We are entering the season of presidential politics, of bunting and cries of “What about the children?” and star-spangled appeals to full-throated patriotism.
So here’s mine: Do you count yourself a patriot? Do you care about the future of this country? (And while we are at it, the future of your hospital.) If so, bend your efforts to find ways to care for the least cared for, the most difficult, the chronically complex poor and uninsured.
“But we can’t afford compassion!” Wrong, brothers and sisters, we cannot afford to do without compassion. “But why should we pay to take care of people who can’t take care of themselves?” Because we are (you are) already paying for them — so let’s find the way we can pay the least.
The problem of the overwhelming cost of the “frequent fliers,” people with multiple poorly tracked chronic conditions, has always been that the cost was an SEP — “somebody else’s problem.” Now, increasingly, hospitals and health systems are finding that they are unable to avoid the crushing costs of pretending it’s not their problem, are not being paid for re-admits, and are finding themselves in one way or another at risk for the health of whole populations. They’re also facing more stringent IRS 990 demands that they demonstrate a clear, accountable public benefit.
At the same time, employers and payers are realizing that they end up paying the costs of the uninsured as well as those of the insured who are over-using the system because they are not being tracked. These costs become part of the costs of the system, and the costs are (and must be) shifted to those who do pay. There is no magic money well under the hospital.
Last year Priceline founder Jay Walker bought TEDMED –a conference that licenses the TED style and brand but is separately owned from its famous cousin. While there was some fun controversy about the sale, Walker made two key decisions. First he moved the conference from San Diego to Washington D.C. to try to get it more central to the health policy debate, and second he initiated a set of 50 Great Challenges from which the community voted a top 20. These are things like tackling the obesity crisis, getting transparency in medical research, training next generation of leaders and more.
Much of the fun and high production value entertainment from previous years stayed, but there was a new sense of urgency in the air concerning making changes from a top down and bottom up level in the way policy works for science and technology. There was rather less information technology than in years past and more emphasis on things like training of physicians, food policy, and basic science.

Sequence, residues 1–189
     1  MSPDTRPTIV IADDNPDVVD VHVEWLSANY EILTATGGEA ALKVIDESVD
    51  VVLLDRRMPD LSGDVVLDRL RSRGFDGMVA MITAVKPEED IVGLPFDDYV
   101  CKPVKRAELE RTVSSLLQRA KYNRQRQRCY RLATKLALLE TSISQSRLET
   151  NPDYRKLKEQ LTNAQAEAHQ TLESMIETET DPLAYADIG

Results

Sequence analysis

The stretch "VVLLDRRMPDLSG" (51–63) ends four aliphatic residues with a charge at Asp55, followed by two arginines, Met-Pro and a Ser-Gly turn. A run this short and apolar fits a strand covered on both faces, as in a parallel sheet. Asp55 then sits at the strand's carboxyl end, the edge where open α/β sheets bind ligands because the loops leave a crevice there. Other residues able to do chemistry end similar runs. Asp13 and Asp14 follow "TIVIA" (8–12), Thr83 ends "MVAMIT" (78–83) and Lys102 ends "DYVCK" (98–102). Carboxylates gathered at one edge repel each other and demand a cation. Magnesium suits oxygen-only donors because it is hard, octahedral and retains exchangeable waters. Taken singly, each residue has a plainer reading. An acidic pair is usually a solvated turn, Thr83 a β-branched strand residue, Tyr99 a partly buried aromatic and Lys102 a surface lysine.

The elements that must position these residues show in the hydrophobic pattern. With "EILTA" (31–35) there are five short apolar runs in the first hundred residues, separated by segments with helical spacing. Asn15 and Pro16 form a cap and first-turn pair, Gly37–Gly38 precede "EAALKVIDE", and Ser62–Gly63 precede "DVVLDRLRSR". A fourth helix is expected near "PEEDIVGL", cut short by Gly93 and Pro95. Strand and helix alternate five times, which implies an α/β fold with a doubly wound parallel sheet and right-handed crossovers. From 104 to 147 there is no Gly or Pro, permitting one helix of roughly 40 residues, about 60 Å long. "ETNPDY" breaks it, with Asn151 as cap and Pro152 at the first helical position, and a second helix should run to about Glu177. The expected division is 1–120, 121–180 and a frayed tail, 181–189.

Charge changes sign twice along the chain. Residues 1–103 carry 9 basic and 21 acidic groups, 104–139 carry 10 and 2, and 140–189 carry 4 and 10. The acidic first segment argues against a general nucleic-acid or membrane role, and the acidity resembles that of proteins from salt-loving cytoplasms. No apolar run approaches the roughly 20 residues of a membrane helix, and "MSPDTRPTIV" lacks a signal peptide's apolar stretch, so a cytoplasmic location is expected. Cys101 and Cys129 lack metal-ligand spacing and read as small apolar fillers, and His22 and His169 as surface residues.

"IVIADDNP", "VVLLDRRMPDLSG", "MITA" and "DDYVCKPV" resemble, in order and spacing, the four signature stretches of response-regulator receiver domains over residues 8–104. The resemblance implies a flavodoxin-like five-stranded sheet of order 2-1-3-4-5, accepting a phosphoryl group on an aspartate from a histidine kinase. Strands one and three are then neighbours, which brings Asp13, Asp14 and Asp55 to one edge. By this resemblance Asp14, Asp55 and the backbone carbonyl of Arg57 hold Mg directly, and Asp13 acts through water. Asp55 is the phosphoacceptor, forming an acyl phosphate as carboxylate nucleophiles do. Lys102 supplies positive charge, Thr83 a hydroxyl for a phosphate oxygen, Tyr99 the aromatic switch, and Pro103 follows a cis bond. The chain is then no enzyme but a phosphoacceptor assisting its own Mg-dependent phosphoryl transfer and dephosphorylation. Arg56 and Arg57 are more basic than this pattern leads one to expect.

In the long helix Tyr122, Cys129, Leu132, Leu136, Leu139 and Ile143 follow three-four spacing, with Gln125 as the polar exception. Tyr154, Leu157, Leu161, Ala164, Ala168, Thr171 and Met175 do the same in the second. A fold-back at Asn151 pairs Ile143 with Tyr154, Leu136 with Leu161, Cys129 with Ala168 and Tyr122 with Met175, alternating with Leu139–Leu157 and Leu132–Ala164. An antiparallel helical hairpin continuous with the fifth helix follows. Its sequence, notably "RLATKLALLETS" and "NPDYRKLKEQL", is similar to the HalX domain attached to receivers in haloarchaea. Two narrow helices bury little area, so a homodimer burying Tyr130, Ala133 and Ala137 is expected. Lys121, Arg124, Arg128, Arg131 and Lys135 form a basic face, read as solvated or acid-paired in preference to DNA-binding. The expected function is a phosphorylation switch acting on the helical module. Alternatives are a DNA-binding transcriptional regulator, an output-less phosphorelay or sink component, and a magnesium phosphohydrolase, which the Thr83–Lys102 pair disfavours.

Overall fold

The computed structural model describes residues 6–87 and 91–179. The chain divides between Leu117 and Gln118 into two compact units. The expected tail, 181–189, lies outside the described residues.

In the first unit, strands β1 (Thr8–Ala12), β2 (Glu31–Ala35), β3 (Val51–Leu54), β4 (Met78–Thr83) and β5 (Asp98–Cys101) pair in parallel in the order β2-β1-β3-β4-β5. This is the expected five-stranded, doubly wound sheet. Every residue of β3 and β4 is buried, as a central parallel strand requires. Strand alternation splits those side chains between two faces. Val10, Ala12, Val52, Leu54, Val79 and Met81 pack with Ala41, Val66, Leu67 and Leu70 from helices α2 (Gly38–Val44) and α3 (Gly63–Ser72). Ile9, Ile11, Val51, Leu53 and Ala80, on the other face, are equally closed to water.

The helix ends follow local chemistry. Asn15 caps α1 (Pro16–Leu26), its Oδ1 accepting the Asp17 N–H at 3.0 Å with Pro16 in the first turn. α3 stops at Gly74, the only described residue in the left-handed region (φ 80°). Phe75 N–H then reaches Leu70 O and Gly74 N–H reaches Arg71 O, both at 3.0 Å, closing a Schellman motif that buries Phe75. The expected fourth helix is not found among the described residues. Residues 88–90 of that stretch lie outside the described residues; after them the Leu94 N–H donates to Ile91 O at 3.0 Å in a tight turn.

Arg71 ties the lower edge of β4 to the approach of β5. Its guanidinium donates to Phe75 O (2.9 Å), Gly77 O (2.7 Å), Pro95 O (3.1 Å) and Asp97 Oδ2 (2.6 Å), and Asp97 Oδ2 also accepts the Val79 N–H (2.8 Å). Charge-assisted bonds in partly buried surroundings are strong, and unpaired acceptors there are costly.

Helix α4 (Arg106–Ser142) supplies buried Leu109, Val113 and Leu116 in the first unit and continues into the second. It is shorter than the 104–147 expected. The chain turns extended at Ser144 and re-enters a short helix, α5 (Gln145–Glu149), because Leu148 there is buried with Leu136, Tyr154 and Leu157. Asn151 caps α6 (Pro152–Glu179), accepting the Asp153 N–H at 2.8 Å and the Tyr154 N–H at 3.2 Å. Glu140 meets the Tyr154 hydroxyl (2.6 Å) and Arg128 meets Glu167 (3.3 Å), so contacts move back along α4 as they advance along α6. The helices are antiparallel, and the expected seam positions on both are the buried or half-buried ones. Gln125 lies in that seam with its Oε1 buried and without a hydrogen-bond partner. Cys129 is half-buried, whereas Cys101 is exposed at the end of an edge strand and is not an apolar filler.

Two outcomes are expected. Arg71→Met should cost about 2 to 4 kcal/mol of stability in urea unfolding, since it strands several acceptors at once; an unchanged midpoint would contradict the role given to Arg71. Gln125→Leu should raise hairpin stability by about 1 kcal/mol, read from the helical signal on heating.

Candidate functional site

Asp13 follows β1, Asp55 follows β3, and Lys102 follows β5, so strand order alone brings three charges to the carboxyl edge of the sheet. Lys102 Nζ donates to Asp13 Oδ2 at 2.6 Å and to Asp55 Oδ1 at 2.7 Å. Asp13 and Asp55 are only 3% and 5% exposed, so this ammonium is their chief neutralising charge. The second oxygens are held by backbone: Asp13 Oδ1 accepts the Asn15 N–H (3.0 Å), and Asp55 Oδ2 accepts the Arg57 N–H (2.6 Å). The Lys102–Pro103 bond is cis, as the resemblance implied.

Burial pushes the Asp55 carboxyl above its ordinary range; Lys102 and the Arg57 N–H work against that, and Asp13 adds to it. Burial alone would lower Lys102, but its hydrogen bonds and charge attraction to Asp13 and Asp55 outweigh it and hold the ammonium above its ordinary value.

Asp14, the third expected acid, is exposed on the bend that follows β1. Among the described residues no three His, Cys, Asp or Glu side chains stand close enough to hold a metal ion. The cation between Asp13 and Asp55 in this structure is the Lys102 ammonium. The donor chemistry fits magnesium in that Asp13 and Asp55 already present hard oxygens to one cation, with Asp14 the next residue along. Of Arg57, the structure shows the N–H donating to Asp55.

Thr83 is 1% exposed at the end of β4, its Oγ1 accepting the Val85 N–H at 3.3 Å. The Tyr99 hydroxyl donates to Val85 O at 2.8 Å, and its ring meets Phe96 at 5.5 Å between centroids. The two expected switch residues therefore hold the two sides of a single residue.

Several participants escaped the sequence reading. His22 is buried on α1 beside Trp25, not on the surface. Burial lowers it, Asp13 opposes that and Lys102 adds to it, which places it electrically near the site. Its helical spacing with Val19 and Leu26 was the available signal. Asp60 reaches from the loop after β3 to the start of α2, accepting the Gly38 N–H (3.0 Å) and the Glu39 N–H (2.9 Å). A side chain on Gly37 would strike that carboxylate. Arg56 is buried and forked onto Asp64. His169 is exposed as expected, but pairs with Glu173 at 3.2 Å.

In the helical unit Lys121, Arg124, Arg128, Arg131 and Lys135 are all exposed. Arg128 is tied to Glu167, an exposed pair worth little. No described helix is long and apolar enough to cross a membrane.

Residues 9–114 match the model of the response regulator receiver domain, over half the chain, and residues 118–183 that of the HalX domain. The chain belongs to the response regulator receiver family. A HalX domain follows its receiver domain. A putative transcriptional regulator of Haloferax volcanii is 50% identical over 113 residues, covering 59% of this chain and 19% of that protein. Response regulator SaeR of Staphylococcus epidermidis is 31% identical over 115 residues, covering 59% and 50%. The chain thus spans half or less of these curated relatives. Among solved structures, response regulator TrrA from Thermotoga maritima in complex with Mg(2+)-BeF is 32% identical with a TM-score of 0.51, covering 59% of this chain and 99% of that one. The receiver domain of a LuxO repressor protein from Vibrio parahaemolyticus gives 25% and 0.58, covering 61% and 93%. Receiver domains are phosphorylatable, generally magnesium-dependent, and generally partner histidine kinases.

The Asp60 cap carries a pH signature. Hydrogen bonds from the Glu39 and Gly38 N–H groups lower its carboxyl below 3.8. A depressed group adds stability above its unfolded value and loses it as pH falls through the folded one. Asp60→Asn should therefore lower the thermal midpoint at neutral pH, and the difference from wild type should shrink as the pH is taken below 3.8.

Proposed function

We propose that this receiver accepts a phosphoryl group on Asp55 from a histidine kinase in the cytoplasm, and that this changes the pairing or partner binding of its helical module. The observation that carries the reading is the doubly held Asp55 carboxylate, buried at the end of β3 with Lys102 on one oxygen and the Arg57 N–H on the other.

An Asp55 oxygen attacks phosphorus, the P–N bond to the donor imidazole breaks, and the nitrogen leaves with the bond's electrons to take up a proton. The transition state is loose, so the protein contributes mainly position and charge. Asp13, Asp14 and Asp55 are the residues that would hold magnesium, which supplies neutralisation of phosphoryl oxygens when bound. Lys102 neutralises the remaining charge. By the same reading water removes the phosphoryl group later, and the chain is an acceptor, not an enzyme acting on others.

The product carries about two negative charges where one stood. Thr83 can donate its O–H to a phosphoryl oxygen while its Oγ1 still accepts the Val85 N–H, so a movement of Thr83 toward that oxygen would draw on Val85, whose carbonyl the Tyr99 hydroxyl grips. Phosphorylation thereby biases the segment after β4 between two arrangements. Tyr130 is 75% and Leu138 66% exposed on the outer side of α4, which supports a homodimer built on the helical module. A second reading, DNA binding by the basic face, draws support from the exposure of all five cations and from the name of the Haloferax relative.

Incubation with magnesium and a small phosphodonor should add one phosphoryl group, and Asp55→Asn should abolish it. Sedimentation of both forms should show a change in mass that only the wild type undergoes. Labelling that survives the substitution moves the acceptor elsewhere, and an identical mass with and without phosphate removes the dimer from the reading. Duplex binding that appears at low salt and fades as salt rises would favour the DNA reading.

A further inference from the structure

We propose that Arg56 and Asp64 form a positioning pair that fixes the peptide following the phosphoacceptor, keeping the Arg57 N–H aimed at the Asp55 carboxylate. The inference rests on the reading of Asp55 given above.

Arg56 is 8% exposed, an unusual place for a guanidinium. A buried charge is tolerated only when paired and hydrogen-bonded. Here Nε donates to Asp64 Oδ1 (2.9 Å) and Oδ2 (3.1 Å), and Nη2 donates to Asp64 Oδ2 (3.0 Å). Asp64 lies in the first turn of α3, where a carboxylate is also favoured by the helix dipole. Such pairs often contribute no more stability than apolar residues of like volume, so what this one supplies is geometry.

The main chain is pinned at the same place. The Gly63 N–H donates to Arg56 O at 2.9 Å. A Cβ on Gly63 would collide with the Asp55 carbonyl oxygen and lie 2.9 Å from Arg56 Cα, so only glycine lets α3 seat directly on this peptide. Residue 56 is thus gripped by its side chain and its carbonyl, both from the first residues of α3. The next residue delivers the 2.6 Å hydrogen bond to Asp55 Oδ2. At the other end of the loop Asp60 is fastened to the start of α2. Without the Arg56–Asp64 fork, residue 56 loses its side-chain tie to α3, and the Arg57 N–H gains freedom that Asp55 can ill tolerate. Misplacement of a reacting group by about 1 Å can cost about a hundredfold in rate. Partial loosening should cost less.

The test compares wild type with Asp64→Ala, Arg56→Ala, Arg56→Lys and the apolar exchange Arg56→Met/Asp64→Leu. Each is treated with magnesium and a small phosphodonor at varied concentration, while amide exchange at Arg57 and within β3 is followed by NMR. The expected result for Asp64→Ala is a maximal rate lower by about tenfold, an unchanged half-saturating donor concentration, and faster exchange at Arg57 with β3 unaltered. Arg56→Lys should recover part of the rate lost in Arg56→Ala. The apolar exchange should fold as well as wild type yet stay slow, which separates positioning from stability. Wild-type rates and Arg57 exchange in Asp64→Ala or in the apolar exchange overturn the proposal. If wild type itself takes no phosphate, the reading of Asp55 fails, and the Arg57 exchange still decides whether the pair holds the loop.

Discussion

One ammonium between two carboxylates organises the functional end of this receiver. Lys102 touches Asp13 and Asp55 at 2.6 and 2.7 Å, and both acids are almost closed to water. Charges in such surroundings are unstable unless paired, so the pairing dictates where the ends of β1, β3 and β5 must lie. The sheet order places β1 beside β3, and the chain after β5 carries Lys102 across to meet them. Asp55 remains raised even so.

Like TED there’s a strong sense of celebrity at TEDMED with entrepreneurs like Walker and buddy AOL founder Steve Case on hand, mixing with newscaster Katie Couric and volleyball pro Gabby Reece. There’s also an interesting (and we hear not cheap) sponsorship model with the exhibit hall being more about zones for discussion rather than tradeshow demos. We like Philips sleep discussion and Booz Allen Hamilton’s discussion area.
There are times I wish I had a macro for the beginning of a post on obesity. Some way to say obesity is bad, obesity is prevalent, and nothing seems to work. You know the drill.
But there’s a new study in Health Affairs that was surprisingly promising:
We performed three related field experiments at a single fast-food restaurant to determine whether these reported sentiments could be translated into a strategy to alter calorie consumption. All of the experiments addressed three important elements of eating behavior.
First, do people spontaneously request smaller portions—that is, even if smaller portions are not specifically noted as an option on a menu or signage? Second, do people accept explicit spoken offers to take smaller portions in order to reduce calories? Third, does taking a smaller portion of one meal component lead to indulgence in other meal components, so that the calorie “savings” from downsizing are immediately lost?
Each experiment addressed an additional question. In experiment 1, we explored whether offering a nominal (twenty-five-cent) discount for downsizing would result in more customers’ accepting the offer than offering no discount. In experiment 2, we examined whether offering an opportunity to accept a smaller portion would be more effective than providing calorie labels in encouraging moderation. In experiment 3, we investigated whether downsizing appealed only to customers who would otherwise have thrown away uneaten food, thereby affecting calories ordered but not calories consumed.
Let’s start with experiment 1. First, they measured how many customers would spontaneously request a smaller portion of a high-calorie, high-starch side dish. Not surprisingly, only 1% did. But if customers were asked, on the other hand, one third accepted the offer, regardless of whether a discount was offered. What’s more, those that did downsize did not compensate by up-sizing any other portions of the meal. Those that downsized ordered significantly fewer calories, 100 fewer on average.
Lots of interesting feedback on my post on sugar regulation. Some of you have accused me of making straw man arguments; others have used straw man arguments to question my post. So let me take a few minutes to be clear about what I was saying. The article I referenced specifically questioned whether sugar should be regulated like alcohol and tobacco.
We regulate alcohol by making it illegal to use it before the age of 21. Period. We regulate alcohol by making businesses get a specific, and often hard-to-get, license to sell it. Where I live, it’s illegal to sell it on Sunday. We don’t regulate alcohol by limiting the amount you can put in a drink. Any bar can make any drink they like, with as much or as little alcohol as they want.
We regulate tobacco by making it illegal to use it before the age of 18. Period. We regulate it by making businesses sell it in specific areas, often hard-to-get at. It’s illegal to put it in vending machines. But we don’t regulate tobacco by limiting the amount you can put in a cigar. Any cigar maker can put as much or as little tobacco in as they want.
So when someone says that they want to regulate sugar like alcohol or tobacco, that’s what I think of. And it was what they meant, according to reports:
Sugar is so toxic it should be controlled like alcohol, according to new report that goes so far as to suggest setting an age limit of 17 years to buy soda pop.
If there’s one thing everyone in Washington can agree on it’s that prevention is good. And that’s about as far as the agreement goes.
As for the rest of it – who is responsible for prevention, how to define prevention, what is the government’s role in prevention, how much to spend on prevention and when to spend it – is not so clear, and wrapped up in the bitter politics (and difficult economics) of the day.